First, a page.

Costly avoidance in anxious individuals: Elevated threat avoidance in anxious individuals under high, but not low competing rewards

Research output: Contribution to journalResearch articleContributedpeer-review



Background and objectives: When avoiding threat conflicts with approaching rewards, balanced responses to threat and reward information is required to guide functional behavior. Elevated threat avoidance characterizes anxious psychopathology. However, little is known about the mutual impact of threat and reward information on approach-avoidance behavior and its link to anxiety. Methods: High trait-anxious and low-anxious individuals (N = 74) repeatedly choose between two options. A threat/high-reward option was linked to two outcomes: a varying chance to receive an aversive stimulus and a varying high reward. A safe/low-reward option was linked to absence of the aversive stimulus and a low reward. Results: Avoidance of the threat/high-reward option increased with increasing threat. Despite threat, low-anxious individuals increasingly approached the threat/high-reward option when rewards increased. High- compared to low-anxious individuals showed elevated avoidance, but only in the presence of high competing rewards. Limitations: Future research should examine boundary conditions by manipulating type and motivational value of appetitive and aversive outcomes (e.g., food as primary reinforcer). Conclusions: These findings suggest that a weaker impact of rewards competing with threat contributes to elevated threat avoidance in anxious psychopathology. Costly avoidance may thus be a factor involved in anxious psychopathology.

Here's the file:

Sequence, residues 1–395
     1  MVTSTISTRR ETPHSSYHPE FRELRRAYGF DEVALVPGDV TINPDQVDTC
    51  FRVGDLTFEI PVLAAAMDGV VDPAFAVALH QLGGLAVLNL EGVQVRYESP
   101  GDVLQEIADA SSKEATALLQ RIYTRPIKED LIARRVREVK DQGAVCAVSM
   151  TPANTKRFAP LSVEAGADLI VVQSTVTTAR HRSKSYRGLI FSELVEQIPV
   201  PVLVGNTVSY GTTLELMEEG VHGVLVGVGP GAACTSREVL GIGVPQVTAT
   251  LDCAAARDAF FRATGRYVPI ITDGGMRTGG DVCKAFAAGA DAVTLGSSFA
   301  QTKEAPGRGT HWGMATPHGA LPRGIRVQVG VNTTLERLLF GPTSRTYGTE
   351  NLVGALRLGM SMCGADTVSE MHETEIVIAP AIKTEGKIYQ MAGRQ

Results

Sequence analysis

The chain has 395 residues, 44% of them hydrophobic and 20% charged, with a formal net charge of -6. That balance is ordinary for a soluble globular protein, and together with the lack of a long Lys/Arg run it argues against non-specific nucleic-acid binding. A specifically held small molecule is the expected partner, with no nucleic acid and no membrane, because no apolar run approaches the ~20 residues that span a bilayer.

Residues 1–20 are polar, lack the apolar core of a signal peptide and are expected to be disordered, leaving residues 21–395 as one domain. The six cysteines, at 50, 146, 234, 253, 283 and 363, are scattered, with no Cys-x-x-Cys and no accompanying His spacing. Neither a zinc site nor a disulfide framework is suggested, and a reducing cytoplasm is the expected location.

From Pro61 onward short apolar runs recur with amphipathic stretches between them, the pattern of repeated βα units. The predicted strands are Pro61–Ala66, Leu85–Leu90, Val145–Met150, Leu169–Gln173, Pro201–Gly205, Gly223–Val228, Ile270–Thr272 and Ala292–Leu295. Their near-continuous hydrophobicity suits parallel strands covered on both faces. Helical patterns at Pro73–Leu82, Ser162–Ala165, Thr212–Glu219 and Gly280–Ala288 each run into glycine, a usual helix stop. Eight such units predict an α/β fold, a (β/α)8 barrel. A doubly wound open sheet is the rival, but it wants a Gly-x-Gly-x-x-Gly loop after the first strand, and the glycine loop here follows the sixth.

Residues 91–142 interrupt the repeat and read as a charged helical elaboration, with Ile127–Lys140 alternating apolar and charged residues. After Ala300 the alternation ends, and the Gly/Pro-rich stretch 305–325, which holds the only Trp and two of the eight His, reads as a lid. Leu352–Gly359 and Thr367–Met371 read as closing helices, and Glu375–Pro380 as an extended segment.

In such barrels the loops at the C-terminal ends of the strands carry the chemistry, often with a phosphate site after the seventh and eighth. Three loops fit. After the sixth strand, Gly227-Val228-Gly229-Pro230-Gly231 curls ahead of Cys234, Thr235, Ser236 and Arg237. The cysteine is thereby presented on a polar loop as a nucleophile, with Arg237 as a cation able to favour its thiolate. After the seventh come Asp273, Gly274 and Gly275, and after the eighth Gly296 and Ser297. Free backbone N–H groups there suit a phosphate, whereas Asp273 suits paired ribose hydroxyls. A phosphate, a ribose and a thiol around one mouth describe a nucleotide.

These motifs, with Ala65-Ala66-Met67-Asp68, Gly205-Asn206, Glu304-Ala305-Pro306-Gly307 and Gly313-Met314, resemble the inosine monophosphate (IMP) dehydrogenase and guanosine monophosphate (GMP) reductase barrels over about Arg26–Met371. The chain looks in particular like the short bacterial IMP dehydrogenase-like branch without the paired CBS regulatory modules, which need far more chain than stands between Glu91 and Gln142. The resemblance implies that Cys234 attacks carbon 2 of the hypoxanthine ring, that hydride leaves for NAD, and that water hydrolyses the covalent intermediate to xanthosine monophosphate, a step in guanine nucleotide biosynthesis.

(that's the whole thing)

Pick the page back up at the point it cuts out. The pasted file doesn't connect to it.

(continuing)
Original languageEnglish
Article number101524
JournalJournal of behavior therapy and experimental psychiatry
Publication statusPublished - Mar 2020

External IDs

PubMed 31707292
ORCID /0000-0002-4408-6016/work/161406831


Sustainable Development Goals


  • Anxiety, Approach-avoidance behavior, Avoidance, Discounting